Over two decades after she was slain by the president of her fan club, Texans never forgot their beloved Tejano music star Selena.
Celebrated for her beautiful, charismatic soul as much as for her music, Selena won hearts across the world, but no one holds her more dear than Houston – home of her last performance before she was murdered in cold blood.
Thanks to a Spanish-language project by the Smithsonian’s National Museum of American History, fans are now with another piece of the star lost for 20 years:
In 1994, Selena filmed a segment for “Tejano USA,” a Univision production.
As part of the show, crews filmed the singer’s performance in April 1994 at Hemisfair Park in San Antonio.
Selena performed at the “Texas Live” Music Festival, which was sponsored by Coca-Cola.
A Univision production manager, who also directed the segment with Selena, searched for the footage after the star’s death, but was never able to locate the recording.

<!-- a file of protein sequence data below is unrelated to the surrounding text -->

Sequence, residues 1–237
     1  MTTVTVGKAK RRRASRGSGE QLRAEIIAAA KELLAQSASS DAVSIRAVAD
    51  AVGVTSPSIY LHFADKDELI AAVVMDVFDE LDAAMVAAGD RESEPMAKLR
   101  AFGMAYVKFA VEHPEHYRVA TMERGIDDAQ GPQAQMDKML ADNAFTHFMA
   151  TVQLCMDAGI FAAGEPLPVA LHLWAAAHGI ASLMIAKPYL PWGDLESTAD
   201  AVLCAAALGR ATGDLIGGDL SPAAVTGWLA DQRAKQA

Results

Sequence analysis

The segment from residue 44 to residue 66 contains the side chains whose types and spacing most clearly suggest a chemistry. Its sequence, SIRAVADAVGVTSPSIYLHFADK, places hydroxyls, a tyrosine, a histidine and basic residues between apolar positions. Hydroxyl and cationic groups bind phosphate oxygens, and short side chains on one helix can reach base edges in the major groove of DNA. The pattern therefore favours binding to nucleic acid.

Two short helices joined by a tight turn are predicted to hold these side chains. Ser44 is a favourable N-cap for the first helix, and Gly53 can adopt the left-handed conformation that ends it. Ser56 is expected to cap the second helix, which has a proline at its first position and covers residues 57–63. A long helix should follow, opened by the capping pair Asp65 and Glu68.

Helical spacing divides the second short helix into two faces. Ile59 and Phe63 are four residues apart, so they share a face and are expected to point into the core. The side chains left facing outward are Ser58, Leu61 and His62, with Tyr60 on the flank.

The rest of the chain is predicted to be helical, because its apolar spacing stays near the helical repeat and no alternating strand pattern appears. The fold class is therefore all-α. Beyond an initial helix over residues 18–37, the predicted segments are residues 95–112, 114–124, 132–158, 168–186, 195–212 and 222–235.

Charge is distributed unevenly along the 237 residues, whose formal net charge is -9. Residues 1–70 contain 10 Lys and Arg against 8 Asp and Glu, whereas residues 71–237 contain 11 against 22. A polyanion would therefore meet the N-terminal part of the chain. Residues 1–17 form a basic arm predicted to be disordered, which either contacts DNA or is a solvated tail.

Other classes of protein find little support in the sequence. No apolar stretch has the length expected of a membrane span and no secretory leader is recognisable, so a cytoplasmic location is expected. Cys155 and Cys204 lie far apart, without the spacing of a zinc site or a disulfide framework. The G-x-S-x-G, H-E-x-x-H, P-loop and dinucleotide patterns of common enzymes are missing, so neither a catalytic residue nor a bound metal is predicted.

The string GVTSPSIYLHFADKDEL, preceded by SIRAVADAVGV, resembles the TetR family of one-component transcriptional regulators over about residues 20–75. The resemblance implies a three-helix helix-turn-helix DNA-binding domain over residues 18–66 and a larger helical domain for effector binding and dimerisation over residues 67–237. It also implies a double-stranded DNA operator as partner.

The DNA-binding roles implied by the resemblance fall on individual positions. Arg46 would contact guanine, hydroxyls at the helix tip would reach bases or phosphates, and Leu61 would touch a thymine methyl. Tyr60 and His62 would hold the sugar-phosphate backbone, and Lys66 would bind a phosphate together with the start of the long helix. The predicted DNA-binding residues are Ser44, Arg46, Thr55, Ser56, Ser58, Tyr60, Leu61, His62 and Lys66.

Recently, however, Univision donated items to the Smithsonian for an upcoming exhibit featuring Tejano artists’ work in advertising for Coca-Cola products; included in this donation was a camera.
A blank tape used to test the camera was later digitized by the museum, revealing the lost footage of Selena.
The lost frames show the star talking about winning her Grammy, as well as how it felt to be around the other stars on music’s biggest night. She goes on to talk about her short appearance on a TV show.
Thanks to the Smithsonian, the world recovered a tiny piece of Selena.
And you can watch the footage on YouTube or starting right now:
Anything for Selenas.
— Smithsonian (@smithsonian) September 26, 2017